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Director: Emanuele Crialese
Screenplay: Emanuele Crialese, Vittorio Moroni
Editing: Simona Paggi
Photography: Fabio Cianchetti
Set Design: Paolo Bonfini
Costumes: Eva Coen
Original music score: Franco Piersanti
Run-time: 88 minutes
Italy/France, 2011

Filippo: Filippo Pucillo
Giulietta: Donatella Finocchiaro
Ernesto: Mimmo Cuticchio
Nino: Giuseppe Fiorello
Sara: Timnit T.

The Pucillo family leads its life on a godforsaken little island, slightly larger than a cliff and inhabited by a fistful of people.  The seventy-year-old Ernesto has always lived off his work and fishing:  he doesn’t want to scrap his old fishing-boat and tries to teach the laws of the sea to his twenty-year-old grandson Filippo (who lost his father at sea).  The young man is uncertain between his grandfather’s rigorous lesson and the mild cynicism of his Uncle Nino, who tries to make all he can from the tourism sector.  Filippo lives with his mother Giulietta, who believes there is no future in store for her son and for herself in the place where they are spending their lives:  the woman dreams of the mainland, she pursues a hope for better times.  In this context and following the arrival of a group of illegal immigrants, everything crumbles:  Pucillo’s fishing-boat is seized for having transported (without reporting them) some migrants.  One of them, named Sara and pregnant, is hidden in the garage where Giulietta lives (she has rented her house to tourists for the summer months…)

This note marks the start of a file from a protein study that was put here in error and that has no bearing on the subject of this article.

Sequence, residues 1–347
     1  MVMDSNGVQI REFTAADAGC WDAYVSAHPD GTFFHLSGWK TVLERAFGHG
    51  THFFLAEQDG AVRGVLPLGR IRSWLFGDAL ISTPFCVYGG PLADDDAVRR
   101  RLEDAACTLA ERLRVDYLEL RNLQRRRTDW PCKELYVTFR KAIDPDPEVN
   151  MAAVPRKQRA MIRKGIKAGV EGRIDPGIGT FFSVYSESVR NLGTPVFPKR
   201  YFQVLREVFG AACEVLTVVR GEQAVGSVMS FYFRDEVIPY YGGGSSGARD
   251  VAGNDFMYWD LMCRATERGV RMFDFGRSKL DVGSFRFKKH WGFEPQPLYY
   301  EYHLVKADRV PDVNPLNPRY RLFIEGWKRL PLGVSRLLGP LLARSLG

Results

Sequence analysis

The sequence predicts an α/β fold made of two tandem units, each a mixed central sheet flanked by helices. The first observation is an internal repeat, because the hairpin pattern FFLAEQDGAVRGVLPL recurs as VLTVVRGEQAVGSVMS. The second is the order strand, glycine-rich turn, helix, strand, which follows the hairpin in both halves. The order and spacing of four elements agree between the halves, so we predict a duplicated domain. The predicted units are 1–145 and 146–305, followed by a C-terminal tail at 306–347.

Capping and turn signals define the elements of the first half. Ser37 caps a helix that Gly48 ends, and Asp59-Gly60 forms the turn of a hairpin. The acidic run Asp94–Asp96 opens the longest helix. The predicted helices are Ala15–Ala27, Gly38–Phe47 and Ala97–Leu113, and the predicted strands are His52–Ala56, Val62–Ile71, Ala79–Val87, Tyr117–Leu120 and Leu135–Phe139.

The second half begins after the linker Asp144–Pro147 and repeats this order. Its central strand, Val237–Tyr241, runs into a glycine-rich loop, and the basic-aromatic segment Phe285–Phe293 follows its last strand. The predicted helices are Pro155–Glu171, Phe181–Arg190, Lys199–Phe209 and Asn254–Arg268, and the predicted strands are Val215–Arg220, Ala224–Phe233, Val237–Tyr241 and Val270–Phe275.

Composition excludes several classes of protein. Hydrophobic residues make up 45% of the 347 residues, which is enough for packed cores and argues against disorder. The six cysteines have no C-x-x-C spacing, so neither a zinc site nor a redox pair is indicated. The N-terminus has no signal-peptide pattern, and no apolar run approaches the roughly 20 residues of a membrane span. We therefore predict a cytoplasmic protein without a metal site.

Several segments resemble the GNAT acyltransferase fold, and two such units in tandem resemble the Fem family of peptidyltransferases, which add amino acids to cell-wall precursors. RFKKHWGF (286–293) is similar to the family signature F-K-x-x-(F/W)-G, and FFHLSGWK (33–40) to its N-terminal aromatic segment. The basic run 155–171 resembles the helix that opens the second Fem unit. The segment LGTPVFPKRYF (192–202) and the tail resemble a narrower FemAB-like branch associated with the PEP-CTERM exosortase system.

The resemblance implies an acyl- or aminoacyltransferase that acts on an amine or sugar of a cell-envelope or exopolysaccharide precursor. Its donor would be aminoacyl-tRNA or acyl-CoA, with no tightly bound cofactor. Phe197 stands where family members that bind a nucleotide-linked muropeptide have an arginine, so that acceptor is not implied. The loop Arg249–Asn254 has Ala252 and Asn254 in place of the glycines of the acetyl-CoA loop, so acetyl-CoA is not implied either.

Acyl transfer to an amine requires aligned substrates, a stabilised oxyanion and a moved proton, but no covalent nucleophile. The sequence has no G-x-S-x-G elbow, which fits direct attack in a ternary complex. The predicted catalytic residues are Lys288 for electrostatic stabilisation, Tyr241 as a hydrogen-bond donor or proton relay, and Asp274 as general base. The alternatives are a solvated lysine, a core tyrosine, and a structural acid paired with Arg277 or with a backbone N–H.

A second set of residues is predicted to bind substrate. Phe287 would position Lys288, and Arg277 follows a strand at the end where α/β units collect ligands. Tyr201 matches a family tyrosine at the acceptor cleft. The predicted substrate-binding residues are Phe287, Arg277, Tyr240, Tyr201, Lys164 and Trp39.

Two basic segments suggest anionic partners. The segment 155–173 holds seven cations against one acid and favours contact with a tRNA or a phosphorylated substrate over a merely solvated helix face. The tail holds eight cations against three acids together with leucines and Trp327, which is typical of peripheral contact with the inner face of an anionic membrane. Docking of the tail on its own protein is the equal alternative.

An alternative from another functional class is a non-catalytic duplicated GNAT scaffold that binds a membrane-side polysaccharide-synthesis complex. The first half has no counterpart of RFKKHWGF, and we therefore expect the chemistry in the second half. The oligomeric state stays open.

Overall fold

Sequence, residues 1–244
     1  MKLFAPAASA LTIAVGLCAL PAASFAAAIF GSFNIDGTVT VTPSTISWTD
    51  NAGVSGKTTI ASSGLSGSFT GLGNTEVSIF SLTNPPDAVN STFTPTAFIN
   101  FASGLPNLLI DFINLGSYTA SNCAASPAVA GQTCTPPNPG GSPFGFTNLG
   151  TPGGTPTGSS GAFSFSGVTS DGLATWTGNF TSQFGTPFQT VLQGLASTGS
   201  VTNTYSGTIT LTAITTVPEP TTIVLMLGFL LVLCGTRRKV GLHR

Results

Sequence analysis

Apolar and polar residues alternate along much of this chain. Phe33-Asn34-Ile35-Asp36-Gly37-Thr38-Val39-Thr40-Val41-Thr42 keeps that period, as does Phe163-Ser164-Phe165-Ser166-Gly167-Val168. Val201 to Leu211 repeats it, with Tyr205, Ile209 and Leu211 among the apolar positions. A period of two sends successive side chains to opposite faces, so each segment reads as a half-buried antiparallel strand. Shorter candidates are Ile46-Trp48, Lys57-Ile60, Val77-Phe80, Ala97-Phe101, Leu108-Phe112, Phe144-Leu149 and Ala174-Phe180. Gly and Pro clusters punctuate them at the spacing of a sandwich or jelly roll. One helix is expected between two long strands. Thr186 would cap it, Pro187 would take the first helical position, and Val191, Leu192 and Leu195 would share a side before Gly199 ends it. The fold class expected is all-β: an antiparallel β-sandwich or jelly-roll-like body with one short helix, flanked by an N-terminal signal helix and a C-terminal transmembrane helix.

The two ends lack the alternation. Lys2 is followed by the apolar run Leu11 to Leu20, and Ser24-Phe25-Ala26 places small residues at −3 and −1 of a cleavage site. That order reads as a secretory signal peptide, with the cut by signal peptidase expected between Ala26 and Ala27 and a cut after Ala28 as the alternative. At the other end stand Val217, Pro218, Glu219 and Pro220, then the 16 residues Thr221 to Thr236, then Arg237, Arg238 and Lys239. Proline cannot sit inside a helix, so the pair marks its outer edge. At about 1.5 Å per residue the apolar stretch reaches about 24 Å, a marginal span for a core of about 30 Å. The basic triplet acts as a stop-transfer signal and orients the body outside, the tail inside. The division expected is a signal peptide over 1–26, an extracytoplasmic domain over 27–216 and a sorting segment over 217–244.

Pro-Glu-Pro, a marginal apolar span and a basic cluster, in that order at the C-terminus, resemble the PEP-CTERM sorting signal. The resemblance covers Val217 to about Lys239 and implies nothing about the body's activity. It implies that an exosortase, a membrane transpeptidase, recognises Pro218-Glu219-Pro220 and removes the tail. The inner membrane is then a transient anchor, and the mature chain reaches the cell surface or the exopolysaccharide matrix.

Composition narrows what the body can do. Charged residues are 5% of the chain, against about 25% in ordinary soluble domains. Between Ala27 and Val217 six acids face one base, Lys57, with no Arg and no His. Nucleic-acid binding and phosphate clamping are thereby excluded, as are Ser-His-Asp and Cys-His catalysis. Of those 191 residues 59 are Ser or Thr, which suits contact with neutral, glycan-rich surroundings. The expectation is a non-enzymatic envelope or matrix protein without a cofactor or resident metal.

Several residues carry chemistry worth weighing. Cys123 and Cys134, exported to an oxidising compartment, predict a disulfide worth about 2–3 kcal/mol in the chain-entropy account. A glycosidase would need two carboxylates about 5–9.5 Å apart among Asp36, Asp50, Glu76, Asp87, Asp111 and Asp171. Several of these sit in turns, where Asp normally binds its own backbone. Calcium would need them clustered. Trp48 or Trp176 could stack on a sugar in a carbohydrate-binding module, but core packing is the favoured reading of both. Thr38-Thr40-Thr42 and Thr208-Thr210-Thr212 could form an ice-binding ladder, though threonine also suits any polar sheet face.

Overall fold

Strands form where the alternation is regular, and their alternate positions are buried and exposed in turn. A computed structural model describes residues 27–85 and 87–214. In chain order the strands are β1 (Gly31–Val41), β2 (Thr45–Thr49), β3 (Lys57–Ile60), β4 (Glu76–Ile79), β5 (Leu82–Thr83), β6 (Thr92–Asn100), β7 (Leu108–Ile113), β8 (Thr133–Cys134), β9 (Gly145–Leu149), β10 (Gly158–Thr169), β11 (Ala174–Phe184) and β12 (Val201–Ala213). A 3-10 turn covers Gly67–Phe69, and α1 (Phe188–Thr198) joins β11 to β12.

Although he is certainly not a prolific movie-maker (only three films over the last decade), Emanuele Crialese is certainly an author:  he has a world of his own, recurring themes (the passage from the ancient to the new, the epic of emigrants intertwined with familiar stories, the south seen as a “landscape with ruins” lacking precise geographical coordinates), even recognizable mannerisms (i.e. underwater shots, which in “Respiro” were the metaphor for a yearning for freedom, here the expression of forced cheerfulness compared to the drama of those who have nothing).   Amidst those who emerged in the noughties, this movie-maker of Sicilian origins (but born in Rome) is perhaps the most talented and cultured:  his tutelary deities, especially Rossellini and Visconti, also make their appearance here, under the sign of a magical neorealism where deep feelings (exhausted migrants landing on the water’s edge, solidarity that ultimately links Giulietta and Sara) are alternated to very bitter parts (a very frightened Filippo as he drives some of “the earth’s damned” back into the dark sea waters).  “Terraferma” is accurate in its staging and in the psychology description (the actors prove to be excellent in their roles, especially Donatella Finocchiaro); it is also a political work in the best sense of the term:  the arrogance of power towards the humble stands out with a clarity that does not need to be underlined, at least as much as the certainty that only by uniting as one can they envisage a more decent and fair tomorrow.